In the last months the Russian socio-political situation has been at the center of media interest everywhere in the world, even here in Italy because of Putin’s imperialist aggression against Ukraine and the resulting conflict. As an anarchist I sided against both the imperialist attack of Putin and the pro-neofascist positions of Zelensky supported by the imperialist interests of NATO. If you’d like, I’d be interested to know your position on this difficult situation. Has there been any reaction from the more politicized and militant punk/hardcore scene in Russia to this situation?

We can talk and argue about the conflict’s causes for a long time, the interview’s format is not enough for this. From the first day it was clear that this is not a ‘special operation’ at all, but a real war, with all its ‘charms’. You don’t have to be a scientist to understand that there where the troops and large amount of military equipment are brought, there is death, grief and destruction. As it turned out, this is not obvious to everyone in Russia. Propaganda cleverly uses the presence of ultra-right radicals in the Ukrainian military (I mean those who use Nazi symbols without hesitation), as well as the policy of de-communization, meaning the fight against the memory of the Soviet past, as a scarecrow for Russian philistines, disguising their predatory imperialist aspirations as fighting Nazism. What we see is an attempt to use the role models of the World War II in the XXI century.

Russian government took the Maidan very painfully, because it considers Ukraine an area of its interests. In the prospect of Ukraine joining NATO it feels a threat to its security, knowing the bitter experience of Yugoslavia.

Russia does not want American military bases near its borders, Ukraine does not want Putin and his totalitarian bullshit.

Since the beginning of the ‘military special operation’, there’s been passed a new law prohibiting any criticism of the Russian military’s actions. Anti-war demonstrations are being severely suppressed by the police and the Rosgvardiya (National Guard of Russia). Independent media is banned, any anti-war slogans too.

The Russian President threatens the West with a nuclear war, the Foreign Minister accuses Jews of the Holocaust, the former Prime Minister declares that it is now possible to lift the moratorium on the death penalty, and the propaganda broadcasts about the beginning of the World War III! Here are our realities of today. It is worth thinking carefully about which side of the border fascism is walking with an iron tread.

What does it mean for Repression Attack to play crust punk today in 2022? Do you think that genres like punk can still have the potential to resist and attack this world dominated by the interests of capitalism and the brutal repression of states?

I think that punk rock, with all the subgenres, helps to develop a critical view of the ‘normal’ world. But in the face of real tyranny music is powerless, especially the one favored by the minority. Songs can’t stop bombs.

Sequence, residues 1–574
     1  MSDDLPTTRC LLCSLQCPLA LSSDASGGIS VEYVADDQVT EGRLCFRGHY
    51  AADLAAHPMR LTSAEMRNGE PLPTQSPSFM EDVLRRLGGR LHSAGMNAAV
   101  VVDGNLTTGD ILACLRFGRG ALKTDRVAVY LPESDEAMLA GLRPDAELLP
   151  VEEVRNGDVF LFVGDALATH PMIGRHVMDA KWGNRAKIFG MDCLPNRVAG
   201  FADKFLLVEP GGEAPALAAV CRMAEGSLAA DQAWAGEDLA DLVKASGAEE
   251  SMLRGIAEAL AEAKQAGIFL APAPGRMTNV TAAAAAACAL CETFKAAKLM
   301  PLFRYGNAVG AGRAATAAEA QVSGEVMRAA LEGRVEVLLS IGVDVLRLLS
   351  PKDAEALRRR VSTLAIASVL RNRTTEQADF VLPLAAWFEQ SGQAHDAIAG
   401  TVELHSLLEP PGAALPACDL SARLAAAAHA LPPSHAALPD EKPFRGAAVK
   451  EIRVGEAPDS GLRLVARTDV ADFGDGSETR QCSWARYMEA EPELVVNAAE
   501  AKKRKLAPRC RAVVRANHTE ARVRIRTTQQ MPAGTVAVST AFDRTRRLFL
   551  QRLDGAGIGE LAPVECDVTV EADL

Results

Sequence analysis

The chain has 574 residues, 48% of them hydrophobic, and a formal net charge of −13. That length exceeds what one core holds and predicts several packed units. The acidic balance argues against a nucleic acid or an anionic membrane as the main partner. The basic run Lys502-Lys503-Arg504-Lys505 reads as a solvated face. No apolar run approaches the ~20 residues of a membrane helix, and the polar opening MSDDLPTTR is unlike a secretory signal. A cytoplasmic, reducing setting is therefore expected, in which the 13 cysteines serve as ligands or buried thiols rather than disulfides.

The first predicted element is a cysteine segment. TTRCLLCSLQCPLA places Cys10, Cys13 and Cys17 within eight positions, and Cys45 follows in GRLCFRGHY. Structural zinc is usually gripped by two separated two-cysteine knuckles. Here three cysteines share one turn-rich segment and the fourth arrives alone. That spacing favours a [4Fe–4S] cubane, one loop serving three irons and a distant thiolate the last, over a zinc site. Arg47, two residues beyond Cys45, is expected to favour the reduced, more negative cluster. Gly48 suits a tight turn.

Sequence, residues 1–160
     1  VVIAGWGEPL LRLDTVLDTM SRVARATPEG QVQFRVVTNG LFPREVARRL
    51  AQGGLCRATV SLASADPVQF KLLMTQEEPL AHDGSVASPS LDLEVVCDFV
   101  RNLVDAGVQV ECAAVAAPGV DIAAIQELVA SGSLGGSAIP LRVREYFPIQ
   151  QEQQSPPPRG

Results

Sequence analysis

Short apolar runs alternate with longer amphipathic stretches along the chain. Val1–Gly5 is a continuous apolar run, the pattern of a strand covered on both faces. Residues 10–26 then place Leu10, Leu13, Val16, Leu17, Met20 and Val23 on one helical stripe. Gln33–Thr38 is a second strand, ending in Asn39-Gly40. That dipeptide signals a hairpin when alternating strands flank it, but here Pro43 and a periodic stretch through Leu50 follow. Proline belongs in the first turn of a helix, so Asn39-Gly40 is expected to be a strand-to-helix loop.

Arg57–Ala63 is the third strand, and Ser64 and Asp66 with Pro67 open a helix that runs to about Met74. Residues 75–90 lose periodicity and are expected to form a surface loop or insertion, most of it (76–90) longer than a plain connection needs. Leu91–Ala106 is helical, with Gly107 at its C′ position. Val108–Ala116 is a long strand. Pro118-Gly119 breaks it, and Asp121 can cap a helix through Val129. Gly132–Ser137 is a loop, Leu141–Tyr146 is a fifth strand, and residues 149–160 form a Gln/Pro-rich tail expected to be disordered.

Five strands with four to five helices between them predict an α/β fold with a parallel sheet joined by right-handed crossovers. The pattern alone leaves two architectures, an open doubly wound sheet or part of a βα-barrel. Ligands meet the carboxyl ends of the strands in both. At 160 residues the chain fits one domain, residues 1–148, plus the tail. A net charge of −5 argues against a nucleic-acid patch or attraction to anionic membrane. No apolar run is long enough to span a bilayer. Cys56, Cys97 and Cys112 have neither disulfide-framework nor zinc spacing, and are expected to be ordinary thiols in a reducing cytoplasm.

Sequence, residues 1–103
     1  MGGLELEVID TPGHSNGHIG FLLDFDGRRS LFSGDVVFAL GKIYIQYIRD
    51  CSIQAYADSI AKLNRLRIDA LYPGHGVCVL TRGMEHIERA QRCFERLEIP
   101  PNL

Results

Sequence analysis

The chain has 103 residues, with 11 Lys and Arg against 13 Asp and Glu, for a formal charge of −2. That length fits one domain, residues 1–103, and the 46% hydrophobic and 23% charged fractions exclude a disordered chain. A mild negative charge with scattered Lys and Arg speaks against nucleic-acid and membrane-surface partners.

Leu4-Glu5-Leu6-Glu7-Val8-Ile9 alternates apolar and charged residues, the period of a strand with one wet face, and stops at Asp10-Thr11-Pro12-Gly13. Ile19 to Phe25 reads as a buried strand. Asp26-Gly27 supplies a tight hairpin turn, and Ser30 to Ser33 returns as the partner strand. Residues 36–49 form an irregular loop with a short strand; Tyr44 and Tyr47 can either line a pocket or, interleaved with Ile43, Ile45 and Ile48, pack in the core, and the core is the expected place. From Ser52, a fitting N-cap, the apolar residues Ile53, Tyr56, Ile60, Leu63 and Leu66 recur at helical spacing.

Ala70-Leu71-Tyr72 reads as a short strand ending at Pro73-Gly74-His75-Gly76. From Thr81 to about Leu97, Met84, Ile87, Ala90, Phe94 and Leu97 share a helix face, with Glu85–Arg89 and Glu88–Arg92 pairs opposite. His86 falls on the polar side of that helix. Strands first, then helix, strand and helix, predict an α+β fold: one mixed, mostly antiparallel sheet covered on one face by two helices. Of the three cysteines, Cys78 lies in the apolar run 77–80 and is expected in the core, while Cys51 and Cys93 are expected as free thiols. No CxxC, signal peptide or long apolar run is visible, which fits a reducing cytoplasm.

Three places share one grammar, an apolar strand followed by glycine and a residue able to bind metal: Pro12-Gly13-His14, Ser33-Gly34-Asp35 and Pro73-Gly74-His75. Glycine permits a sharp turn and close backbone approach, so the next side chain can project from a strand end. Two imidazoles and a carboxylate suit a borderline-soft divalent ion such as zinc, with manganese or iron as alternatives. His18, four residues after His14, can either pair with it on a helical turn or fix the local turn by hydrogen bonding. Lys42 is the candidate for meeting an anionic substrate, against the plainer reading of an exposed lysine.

’An Endless Landscape of Ugly Shapes’, your very latest album was released very recently. What you can tell us about this album? Musically it is a mix of classic stenchcore and psychedelic digressions. What were your influences on this album and why did you open up to a more complex, psychedelic an space rock sound?

We spent quite a lot of time, effort and nerves recording ‘An Endless Landscape of Ugly Shapes’, but the result was worth it. Musically this is no longer the tooth-crushing stenchcore, familiar to you from our previous works, but a real ‘psychedelicrust’, as we call it for fun. In addition to the usual set of instruments, we recorded a saxophone and a lot of different percussion. We always try to develop and improve our musical style, making the material so that it would be interesting for us to play and listen. Krautrock bands influenced us a lot with their extraordinary and anarchic approach to creativity.

What do you want to convey with your music? What do you deal with in the lyrics and what inspires you in their writing?

The main idea of our first record was that the human kind is the Altar of Destruction, through whose fault and in whose name blood is shed throughout history. Sadly as it sounds, the desire to destroy our own kind is a distinctive feature of our species. On ‘The Endless Landscape’ the lyrics became more personal. Inner search, struggle with oneself, loss of a sense of reality, frustration and insanity – these are our main topics. We translate our lyrics into English, they’re available on our ‘Bandcamp’, the new album is no exception. We’re inspired by negative life experiences, as well as literature and cinema. For example, the text to ‘The Nameless City’ was written after reading H.F. Lovecraft’s story of the same name, but I slightly deviated from the original narrative, and the song turned out to be about the cyclical nature of history and the inevitability of repeating fatal mistakes.

Beyond the new album, other future projects for ‘Repression Attack’? Do you have gigs and tours planned?

No, we don’t have any plans at the moment. The situation does not allow us to.

We have come to the end of this interview so I leave this space at your complete disposal so that you can add anything else you think might be interesting. A big hug in solidarity with the Russian people and in total opposition to Putin’s imperialist interests!

Take care, friends! Keep your head cool and be human!